Well here we are at one of the two points that destroyed the Access Business within Tellabs. If we look forward in time, one can see this is the point at which Tellabs tipped inevitably downward into oblivion and is about to be part of Coriant.
As we had predicted, Verizon wanted 2.4 Gbps downstream for their GPON and we had plans to use our own OLT MAC. As I have previously written, we started that project when Broadlight turned us down. We went off and built the silicon with an FPGA and were working on bringing up GPON Cards.
We had started building them on the UMC-1000. The next step back will be on bandwidth. If you recall, the UMC now had 2.5 Gbps capability and we knew we were going to go up against platforms that supported 10 Gbps. We had plans for how to deal with that. My friends at Tellabs Ashburn (aka Vinci) began building ONTs. What is humorous is that for the longest time our Manufacturing folks used the 1000 GPON blade in test fixtures as it was the first one that worked.
The problem with the UMC in this situation is that Verizon disqualified it out of hand as it was only a 622 Mbps platform. Yes that Ethernet limitation stuck in the Executive brains in Verizon even though the lower levels knew that this limitation was removed. We also had a plan to run an external 1 Gbps port to each GPON blade and use an Ethernet Switch as a concentrator for this. Each GPON blad would support 2 GPON ports (and take 2 slots) so an entire chassis would support 12 Gbps total throughput. Not the most elegant way of getting there from here. But given the installed base and work we had done, we thought it was enough.
Another problem with Tellabs was timing. Given all the work to not do anything with GPON – The original design had been cancelled then we promoted enhanced BPON – we were going to be late.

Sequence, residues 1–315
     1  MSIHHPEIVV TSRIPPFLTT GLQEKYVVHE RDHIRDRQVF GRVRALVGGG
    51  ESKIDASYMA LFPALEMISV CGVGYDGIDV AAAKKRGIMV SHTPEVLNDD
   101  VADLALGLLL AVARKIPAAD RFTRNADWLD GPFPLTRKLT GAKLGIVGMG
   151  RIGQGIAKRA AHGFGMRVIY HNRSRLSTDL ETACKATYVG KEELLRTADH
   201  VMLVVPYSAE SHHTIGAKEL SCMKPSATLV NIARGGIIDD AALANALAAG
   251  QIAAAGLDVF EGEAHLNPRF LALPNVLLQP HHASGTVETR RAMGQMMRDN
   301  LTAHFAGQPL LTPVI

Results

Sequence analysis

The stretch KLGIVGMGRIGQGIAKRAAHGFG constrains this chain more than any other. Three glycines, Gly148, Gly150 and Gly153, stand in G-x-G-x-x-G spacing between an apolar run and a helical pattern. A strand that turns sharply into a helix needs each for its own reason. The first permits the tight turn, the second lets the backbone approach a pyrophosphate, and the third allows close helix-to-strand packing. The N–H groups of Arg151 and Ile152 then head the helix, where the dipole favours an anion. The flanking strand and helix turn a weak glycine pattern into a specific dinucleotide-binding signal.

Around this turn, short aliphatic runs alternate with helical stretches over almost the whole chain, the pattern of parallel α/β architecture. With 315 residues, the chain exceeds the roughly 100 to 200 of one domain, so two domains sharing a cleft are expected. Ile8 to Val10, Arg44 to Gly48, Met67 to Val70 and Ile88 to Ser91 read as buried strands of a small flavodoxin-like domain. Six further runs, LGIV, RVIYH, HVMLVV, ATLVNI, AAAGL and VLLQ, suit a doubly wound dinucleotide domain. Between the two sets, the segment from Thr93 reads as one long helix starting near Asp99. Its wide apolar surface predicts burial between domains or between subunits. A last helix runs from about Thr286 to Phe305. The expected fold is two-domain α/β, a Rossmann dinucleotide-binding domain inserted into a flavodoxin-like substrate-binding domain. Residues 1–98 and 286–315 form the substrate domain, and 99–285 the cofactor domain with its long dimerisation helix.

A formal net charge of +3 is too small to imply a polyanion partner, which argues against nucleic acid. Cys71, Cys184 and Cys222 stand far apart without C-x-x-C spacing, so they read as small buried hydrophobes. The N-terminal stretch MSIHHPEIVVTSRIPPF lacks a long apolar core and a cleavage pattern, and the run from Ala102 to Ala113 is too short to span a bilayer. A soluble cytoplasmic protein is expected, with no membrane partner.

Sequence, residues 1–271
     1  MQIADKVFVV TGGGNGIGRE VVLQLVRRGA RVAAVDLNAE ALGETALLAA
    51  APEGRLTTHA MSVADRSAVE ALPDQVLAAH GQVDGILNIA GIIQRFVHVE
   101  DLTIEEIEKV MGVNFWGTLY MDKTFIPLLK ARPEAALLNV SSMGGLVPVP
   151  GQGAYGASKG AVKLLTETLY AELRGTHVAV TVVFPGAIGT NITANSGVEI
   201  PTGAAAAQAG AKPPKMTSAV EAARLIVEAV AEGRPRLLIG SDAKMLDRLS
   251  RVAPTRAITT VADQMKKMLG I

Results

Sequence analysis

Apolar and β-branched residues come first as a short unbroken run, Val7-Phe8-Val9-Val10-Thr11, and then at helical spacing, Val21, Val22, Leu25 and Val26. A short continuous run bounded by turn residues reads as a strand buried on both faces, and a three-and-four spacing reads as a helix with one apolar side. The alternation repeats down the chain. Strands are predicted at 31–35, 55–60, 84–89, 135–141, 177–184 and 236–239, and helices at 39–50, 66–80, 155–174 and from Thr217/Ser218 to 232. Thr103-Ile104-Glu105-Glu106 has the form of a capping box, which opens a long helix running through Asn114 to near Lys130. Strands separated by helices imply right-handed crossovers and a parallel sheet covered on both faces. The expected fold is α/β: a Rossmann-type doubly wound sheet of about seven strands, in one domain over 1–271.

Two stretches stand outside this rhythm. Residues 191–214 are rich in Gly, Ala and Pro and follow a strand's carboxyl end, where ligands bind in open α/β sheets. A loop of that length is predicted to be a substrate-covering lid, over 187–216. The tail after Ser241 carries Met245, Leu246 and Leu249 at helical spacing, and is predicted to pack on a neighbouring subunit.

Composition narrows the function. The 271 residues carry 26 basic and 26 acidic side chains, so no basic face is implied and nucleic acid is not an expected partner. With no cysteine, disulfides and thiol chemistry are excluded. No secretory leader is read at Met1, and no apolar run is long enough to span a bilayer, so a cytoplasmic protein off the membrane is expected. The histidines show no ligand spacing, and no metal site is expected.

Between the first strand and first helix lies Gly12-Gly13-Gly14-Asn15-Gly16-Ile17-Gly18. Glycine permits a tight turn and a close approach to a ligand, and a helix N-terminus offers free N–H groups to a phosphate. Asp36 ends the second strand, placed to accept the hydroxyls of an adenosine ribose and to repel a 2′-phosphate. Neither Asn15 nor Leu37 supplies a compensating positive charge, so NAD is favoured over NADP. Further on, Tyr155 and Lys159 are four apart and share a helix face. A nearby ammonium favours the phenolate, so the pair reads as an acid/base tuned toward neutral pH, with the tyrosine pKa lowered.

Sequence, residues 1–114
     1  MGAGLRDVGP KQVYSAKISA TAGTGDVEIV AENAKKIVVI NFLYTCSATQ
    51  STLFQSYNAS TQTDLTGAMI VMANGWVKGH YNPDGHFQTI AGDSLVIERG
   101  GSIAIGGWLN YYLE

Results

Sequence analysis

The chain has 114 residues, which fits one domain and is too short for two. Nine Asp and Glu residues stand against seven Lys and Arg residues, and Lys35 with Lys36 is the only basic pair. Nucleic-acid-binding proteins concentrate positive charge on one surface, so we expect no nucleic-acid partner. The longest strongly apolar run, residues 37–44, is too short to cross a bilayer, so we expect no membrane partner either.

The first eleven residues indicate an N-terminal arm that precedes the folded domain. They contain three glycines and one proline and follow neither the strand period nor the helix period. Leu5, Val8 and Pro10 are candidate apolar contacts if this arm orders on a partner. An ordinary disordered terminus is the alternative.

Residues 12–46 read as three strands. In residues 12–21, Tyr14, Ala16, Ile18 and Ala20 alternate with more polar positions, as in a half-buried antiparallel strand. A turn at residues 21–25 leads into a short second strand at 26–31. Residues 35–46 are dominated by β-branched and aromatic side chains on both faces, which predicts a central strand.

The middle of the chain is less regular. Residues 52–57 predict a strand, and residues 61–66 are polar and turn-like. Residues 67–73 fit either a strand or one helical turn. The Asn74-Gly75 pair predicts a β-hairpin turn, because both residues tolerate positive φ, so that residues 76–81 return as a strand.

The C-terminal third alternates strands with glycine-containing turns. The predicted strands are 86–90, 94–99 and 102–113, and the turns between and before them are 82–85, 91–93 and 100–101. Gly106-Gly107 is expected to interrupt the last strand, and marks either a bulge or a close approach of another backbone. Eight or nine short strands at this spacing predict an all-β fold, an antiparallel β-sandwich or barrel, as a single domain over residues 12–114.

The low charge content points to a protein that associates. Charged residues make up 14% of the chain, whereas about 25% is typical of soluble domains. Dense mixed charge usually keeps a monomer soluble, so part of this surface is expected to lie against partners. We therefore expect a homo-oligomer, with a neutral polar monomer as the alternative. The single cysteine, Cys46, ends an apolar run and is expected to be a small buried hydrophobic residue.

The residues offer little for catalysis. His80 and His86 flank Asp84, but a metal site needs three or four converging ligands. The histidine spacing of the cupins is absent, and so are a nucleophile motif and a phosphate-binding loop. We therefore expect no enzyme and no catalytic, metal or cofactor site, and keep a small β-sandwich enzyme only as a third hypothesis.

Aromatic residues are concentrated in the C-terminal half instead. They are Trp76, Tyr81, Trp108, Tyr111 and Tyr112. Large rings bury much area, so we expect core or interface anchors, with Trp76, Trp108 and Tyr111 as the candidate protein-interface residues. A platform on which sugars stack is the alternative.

So we were stuck. We could have a product ready that they wouldn’t take or we could figure out something else. We went back to our original prototypes and started work on an 8800 based design. The 8800 was being deployed by Verizon in small volume. On top of that the platform had more than enough capability to meet the demands of the RFP. It had two problems: cost and size.
To deal with this, we proposed taking on significant amount of the burden from the Juniper Routers within the 8800 based chassis (it became known as the 8865). We were changing the product’s form factor and cost reducing the hardware at the same time as well. Verizon eventually accepted this plan but we were going to end up going into the labs 3rd behind Motorola and Alcatel.
Now Alcatel had stolen a page out of the AFC BPON playbook and been very aggressive with its GPON bid. They became the primary for GPON because of this. Motorola played bridesmaid once again. That must have been very tough on the former Quantum Bridge people as they were the darlings of the Verizon Technical Leadership. Our understanding was that there product had more field problems than one would have wanted and much of the luster was gone by the time GPON rolled around.
This was one of the 3 original legs that the Access Business that was AFC was built on. And the unit went from having over a 90% market share inside of Verizon for BPON to being 3rd in GPON. Leadership and market understanding do mean something.
Again, not sure how aggressive my posting will be the rest of the week given my travel to the Focalpoint Annual Conference.
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